Coffee in the Gourd Page: 45
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Miscellany of Texas Folk-Lore
So mounting quick as lightning,
To go was our desire,
Too late, the painted Hasques
Had set the house on fire.
We tied our horses quickly
And waded up the stream;
Among the vines and rushes
We heard a muffled scream.
Among the vines and bushes
A little girl did lie;
Saying, "My father is murdered
And here I must die."
As I rode in the town of Fort Griffin in the spring of '83
An old Texas cowman came riding up to me,
Saying, "How do you do, young fellow, and how would you like to go
And spend one summer season in the hills of Mexico?"
"It's being out of employment," to the drover I did say,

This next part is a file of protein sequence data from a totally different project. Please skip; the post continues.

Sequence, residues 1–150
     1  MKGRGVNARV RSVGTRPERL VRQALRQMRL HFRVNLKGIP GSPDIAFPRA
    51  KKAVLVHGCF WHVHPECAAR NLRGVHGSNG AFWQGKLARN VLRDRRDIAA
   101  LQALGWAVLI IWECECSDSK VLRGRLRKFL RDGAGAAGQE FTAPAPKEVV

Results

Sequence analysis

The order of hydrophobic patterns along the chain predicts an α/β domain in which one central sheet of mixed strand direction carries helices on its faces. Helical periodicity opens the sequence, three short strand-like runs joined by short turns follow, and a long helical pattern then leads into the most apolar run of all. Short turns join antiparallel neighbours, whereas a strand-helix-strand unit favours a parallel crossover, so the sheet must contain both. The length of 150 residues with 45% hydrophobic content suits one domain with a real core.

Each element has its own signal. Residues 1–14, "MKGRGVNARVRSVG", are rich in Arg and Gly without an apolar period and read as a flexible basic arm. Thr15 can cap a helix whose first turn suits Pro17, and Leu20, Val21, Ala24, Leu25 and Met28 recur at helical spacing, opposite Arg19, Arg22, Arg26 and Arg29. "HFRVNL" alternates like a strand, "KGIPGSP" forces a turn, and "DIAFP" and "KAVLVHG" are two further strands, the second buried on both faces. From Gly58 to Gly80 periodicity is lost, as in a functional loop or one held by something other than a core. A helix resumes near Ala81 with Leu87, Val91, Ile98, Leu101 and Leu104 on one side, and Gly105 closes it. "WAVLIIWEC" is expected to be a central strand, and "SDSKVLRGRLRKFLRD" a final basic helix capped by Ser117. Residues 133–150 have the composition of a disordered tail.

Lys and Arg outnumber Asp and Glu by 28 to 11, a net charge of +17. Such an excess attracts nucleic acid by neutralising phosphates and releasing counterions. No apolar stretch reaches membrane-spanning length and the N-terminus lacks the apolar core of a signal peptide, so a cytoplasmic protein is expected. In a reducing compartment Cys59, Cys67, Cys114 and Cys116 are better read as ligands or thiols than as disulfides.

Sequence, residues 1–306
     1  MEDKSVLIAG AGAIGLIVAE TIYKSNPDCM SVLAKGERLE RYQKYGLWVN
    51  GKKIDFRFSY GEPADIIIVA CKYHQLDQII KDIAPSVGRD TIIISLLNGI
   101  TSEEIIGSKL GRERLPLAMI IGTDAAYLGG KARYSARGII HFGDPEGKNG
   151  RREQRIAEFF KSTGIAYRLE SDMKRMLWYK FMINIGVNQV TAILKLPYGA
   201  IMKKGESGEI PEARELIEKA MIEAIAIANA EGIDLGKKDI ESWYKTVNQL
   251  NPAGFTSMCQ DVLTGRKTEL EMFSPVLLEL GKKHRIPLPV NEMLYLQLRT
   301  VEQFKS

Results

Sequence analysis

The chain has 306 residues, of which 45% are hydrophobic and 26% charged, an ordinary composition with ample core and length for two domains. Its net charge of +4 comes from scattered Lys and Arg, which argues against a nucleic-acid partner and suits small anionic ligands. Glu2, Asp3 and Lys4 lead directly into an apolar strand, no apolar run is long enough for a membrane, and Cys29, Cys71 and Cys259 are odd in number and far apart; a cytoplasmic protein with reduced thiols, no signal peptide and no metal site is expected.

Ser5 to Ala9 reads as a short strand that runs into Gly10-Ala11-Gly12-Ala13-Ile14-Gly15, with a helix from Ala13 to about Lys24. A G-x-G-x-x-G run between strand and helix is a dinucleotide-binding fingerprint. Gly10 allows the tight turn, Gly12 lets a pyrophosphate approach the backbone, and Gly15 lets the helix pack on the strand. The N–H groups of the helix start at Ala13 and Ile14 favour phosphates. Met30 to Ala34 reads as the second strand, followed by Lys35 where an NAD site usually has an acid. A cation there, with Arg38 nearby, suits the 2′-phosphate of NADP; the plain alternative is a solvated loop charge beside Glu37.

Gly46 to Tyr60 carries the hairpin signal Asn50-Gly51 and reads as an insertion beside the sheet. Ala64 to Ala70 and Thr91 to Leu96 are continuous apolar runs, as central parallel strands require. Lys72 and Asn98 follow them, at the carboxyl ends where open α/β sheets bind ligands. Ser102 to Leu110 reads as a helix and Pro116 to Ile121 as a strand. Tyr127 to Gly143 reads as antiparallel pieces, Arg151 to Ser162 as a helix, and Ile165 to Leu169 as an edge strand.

"For me to go to New Mexico depends upon the pay,
But if you pay good wages and transportation too,
I wouldn't mind to go along and spend a month or two."
"Oh, yes, we pay good wages, free transportation too,
But if you grow homesick, Fort Griffin bound to go,
I'll never loan you a horse to ride from the hills of Mexico."
"0 listen to that old driver's talk, 0 listen what a gag."
It's ten or twenty cowboys, all stout able-bodied men,
Our trip it was a pleasant one--
Until we reached old Boggus Creek out in old Mexico.
Now our pleasures have all ended and our troubles have begun
The first hail storm we had on us, Gosh, how those cattle run.
They run through thorns and thickets, our lives we had no show,
For there's no worse hell on earth than the hills of Mexico.
Go home to wives and sweethearts, tell others not to go
To the God-forsaken country of old New Mexico.
NEGRO SONGS AND STORIES
The following two stories were contributed to me by Cuero
Here’s what’s next.
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Texas Folklore Society. Coffee in the Gourd, book, 1923; Dallas, Texas. (digital.library.unt.edu/ark:/67531/metadc38309/m1/55/: accessed July 27, 2017), University of North Texas Libraries, Digital Library, digital.library.unt.edu; crediting UNT Press.